By Massimo Pigliucci
Does human nature exist? The answer has implications for anyone concerned about ethics. In an era defined by amoral political leadership and eroding social values, thinking about the essence of humanity has never been more important.
The philosophical concept of “human nature” has a long history. In Western culture, its study began with Socrates in the fifth century BCE, but it was Aristotle who argued that human nature was characterized by unique attributes – particularly, people’s need to socialize and our ability to reason. For the Stoics of Hellenistic Greece, human nature was what gave life meaning and contributed to their embrace of cosmopolitanism and equality.
Ancient Chinese philosophers like Confucius and Mencius believed human nature was innately good, while Xunzi thought it was evil and lacked a moral compass. In the Judeo-Christian-Islamic traditions, human nature is fundamentally corrupted by sin, but can be redeemed by embracing God, in whose image we have been created.
Modern Western philosophers, writing in the seventeenth and eighteenth centuries, expanded on these ideas. The English philosopher Thomas Hobbes argued that our natural state leads to a life that is “solitary, poor, nasty, brutish, and short,” which is why we need a strong, centralized political authority (the so-called Leviathan).
By contrast, Jean-Jacques Rousseau believed that human nature is malleable, but that our original state was one without reason, language, or community. He concluded that the mismatch between our early condition and modern civilization is at the root of our unhappiness, advocating a literal return to nature. David Hume, always sensible and moderate, proposed that humans are characterized by a combination of altruism and selfishness, and that such a combination can be partially molded for the better (or worse) by culture.
Charles Darwin’s work in the mid-1800s made many of the early “essentialist” views of human nature untenable. The idea that humans had a small set of characteristics that only humans possess was at odds with the slow, gradual pace of Darwinian evolution. While Homo sapiens evolved as a particular species of primate, there are no clean breaks between our biology and that of other species.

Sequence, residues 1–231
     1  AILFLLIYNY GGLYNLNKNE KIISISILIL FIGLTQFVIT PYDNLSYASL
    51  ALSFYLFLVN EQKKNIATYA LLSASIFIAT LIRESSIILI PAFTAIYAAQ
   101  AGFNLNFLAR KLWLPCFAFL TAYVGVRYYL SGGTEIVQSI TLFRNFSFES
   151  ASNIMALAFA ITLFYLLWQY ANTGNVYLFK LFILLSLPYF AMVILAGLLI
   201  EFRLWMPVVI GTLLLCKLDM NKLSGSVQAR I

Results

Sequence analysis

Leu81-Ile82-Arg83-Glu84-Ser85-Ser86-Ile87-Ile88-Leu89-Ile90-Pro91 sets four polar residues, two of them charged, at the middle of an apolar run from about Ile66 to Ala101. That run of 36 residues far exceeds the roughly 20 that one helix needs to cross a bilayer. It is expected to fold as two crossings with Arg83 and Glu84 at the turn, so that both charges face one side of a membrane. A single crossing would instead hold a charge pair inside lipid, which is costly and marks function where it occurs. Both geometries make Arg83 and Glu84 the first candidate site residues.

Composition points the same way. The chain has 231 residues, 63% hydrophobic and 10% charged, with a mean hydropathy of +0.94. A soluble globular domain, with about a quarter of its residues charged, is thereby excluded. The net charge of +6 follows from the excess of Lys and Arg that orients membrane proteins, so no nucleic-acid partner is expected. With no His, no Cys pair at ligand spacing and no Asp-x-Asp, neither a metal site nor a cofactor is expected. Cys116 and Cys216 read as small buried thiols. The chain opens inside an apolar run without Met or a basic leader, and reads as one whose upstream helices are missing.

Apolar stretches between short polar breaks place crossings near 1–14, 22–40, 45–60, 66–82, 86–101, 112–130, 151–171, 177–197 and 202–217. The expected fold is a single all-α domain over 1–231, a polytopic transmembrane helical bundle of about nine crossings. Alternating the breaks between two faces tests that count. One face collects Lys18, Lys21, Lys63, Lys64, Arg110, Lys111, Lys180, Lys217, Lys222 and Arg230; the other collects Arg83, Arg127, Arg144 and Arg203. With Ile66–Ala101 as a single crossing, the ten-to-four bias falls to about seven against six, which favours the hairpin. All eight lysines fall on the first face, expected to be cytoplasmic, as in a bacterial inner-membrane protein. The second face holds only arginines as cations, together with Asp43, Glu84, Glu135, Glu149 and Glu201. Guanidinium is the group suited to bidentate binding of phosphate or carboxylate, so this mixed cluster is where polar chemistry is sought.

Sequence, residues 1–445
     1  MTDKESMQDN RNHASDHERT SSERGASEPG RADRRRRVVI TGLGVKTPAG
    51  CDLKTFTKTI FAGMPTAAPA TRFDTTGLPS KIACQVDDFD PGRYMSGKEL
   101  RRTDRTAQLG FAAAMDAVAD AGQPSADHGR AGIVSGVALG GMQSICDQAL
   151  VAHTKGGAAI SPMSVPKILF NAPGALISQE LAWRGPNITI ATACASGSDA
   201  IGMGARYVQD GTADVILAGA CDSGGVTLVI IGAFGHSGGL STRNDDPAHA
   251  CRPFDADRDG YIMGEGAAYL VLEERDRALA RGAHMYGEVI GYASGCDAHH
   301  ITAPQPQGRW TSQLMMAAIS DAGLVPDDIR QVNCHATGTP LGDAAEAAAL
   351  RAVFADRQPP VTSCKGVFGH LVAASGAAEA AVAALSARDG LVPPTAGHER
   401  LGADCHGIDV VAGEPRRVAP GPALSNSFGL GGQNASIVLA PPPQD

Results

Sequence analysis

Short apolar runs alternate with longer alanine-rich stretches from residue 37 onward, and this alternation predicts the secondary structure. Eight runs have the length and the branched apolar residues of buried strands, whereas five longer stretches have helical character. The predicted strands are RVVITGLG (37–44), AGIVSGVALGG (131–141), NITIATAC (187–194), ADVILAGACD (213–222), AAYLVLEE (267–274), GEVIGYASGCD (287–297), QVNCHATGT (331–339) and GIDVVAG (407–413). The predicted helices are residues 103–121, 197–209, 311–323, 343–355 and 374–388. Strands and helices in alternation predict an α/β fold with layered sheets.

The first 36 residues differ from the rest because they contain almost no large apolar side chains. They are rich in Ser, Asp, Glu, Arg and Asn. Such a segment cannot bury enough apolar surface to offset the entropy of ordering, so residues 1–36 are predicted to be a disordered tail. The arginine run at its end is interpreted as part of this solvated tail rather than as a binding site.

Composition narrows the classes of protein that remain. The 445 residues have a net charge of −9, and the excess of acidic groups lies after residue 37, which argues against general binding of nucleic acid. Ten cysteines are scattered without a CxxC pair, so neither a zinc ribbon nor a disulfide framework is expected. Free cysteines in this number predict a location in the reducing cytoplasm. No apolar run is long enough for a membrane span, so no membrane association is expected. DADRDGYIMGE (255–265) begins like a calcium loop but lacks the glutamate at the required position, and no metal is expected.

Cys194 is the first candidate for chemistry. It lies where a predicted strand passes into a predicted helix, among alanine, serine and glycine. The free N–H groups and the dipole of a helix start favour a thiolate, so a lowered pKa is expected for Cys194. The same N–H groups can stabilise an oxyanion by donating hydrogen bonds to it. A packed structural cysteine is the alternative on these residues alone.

So the philosophical debate over human nature rages on, updated with the findings of biology. Today, some philosophers interpret Rousseau and Darwin to mean that human nature itself is nonexistent, and that while biology may constrain the body, it does not restrict our minds or our volition.
Evolutionary psychologists and even some neuroscientists say that is nonsense. The message they take from Darwin (and partly from Rousseau) is that we are maladaptive in a modern context – basically, Pleistocene apes who find themselves equipped with mobile phones and nuclear weapons.
As an evolutionary biologist and philosopher of science, my view is that human nature certainly exists, but that it is not based on an “essence” of any kind. Rather, our species, just like any other biological species, is characterized by a dynamic and evolving set of traits that are statistically typical for our lineage but neither present in every member nor absent from every other species.
Why does any of this matter to someone who is not a scientist or a philosopher? There are at least two good reasons that I can think of. One is personal; the other is political.
First, how we interpret human nature has broad implications for ethics, in the ancient Greco-Roman sense of the study of how we should live our lives. Someone who holds a Judeo-Christian-Islamic view of human nature is naturally going to worship God and follow the guidance of religious commandments. By contrast, someone adopting an existentialist philosophy along the lines of Jean-Paul Sartre or Simone de Beauvoir might believe that because “existence precedes essence,” we are radically free to shape our lives according to our own choices, and do not need God to help us along.
Moreover, views on human nature affect views on ethics. And today, our ethics are a mess. One recent study in the United States called Donald Trump’s presidency the “most unethical” in American history, while Gallup’s annual survey of US attitudes toward morality suggests a steady erosion of social mores. If we all took a moment to consider where we stood on the debate about human nature, we might gain valuable insight into our own beliefs – and by extension, the beliefs of others.
Personally, I lean toward the naturalistic ethics of the Stoics, for whom human nature constrains and suggests – but does not rigidly determine – what we can and should do. But regardless of one’s religious or philosophical leanings, reflecting on who we are – biologically and otherwise – is a good way to take more ownership of our actions. Needless to say, there are many among us who could benefit from such an exercise.
Massimo Pigliucci is the K.D. Irani Professor of Philosophy at the City College of New York. He is the author of How to Be a Stoic: Using Ancient Philosophy to Live a Modern Life. He blogs at patreon.com/PlatoFootnotes.
Copyright: Project Syndicate, 2018.